I’d like everyone in the world to read this book. But truthfully, I’d rather that it hadn’t needed to be written at all.

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23 thoughts on “Climate Cover-Up

  1. I haven’t read the book but that list of PR objectives actually sounds pretty reasonable to me, as does the full email. But did the things described in that email actually happen? Or was this just a proposal somebody made?

    For instance, the email suggests establishing a "Global Climate Science Data Center" with a budget of $5 mil over two years. Did that happen? My guess is that it didn't happen. If it did, what was the resulting organization called? The top organization called GCSDC that google finds is the "Genesee County Singles Dance Club", which probably isn't it… :-)

    (Incidentally, your link to "Frank Luntz’s plans to capitalize on uncertainty" is a spam/linkfarm page) [Fixed now – sorry about that – don’t know what happened there. -Kate]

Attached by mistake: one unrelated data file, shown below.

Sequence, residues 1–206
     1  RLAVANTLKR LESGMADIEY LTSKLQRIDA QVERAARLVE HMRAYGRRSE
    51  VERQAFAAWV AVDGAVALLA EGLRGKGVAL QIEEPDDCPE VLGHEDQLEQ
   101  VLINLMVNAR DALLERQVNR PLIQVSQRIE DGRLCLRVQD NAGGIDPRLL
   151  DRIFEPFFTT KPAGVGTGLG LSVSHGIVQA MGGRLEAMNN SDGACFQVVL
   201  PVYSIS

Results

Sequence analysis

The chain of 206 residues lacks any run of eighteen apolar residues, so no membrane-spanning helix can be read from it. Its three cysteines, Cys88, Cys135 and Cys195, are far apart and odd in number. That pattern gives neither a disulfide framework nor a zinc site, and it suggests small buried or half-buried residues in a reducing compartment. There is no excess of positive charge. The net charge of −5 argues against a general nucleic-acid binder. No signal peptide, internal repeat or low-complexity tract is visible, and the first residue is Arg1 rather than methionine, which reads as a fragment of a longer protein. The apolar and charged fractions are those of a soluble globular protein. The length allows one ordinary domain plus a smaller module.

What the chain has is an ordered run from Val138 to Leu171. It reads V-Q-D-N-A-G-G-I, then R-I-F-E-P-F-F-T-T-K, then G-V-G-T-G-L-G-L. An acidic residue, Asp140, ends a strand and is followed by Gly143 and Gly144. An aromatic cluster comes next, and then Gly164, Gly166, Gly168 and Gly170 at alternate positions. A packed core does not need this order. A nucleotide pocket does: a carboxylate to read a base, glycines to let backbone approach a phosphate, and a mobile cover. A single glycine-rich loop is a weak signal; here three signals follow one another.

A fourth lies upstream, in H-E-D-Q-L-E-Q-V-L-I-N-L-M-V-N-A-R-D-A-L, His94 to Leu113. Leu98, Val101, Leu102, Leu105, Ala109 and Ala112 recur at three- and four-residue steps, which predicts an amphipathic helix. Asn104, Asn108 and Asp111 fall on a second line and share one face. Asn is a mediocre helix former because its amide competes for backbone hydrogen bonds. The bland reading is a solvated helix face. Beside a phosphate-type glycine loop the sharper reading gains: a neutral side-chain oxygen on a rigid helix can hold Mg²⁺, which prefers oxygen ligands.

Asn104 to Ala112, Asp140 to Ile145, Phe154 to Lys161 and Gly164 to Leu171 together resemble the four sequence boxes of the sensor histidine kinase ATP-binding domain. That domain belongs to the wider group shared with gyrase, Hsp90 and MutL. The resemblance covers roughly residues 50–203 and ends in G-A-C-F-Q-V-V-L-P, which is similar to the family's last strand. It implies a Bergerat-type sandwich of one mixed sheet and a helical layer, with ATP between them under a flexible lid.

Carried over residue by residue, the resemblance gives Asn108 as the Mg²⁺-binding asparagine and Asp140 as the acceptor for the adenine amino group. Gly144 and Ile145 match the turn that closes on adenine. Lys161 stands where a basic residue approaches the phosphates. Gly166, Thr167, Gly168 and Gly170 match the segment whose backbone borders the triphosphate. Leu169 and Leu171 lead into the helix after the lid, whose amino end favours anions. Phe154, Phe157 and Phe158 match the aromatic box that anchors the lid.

2. Kate,

    I think another source that needs to be included when one speaks about manufacturing doubt is:

    Smoke, Mirrors & Hot Air – How ExxonMobil Uses Big Tobacco’s Tactics to Manufacture Uncertainty on Climate Science (2007)

    http://www.ucsusa.org/assets/documents/global_warming/exxon_report.pdf

    As a Canadian, you might also be very interested in reading Deep Climate’s newest blog post which exposes Friends of Science:

    http://deepclimate.org/2009/12/02/in-the-beginning-friends-of-science-talisman-energy-and-the-de-freitas-brothers/

  3. @Kate,
    “It didn’t just happen by accident. It was planned.”
    This statement makes me feel uncomfortable. I think that these words can be manipulated to suggest that you think a conspiracy theory was setted up some time ago. Remember that the denial machine is known for taking things out of context and stretching the truth. If we’re committed to an evidence-based world-view, these assertions are of no help. Just a suggestion.
    If you ask me how to best engage the denialist world, I have no answers:
    – More/different science, maths, logic and epistemology education?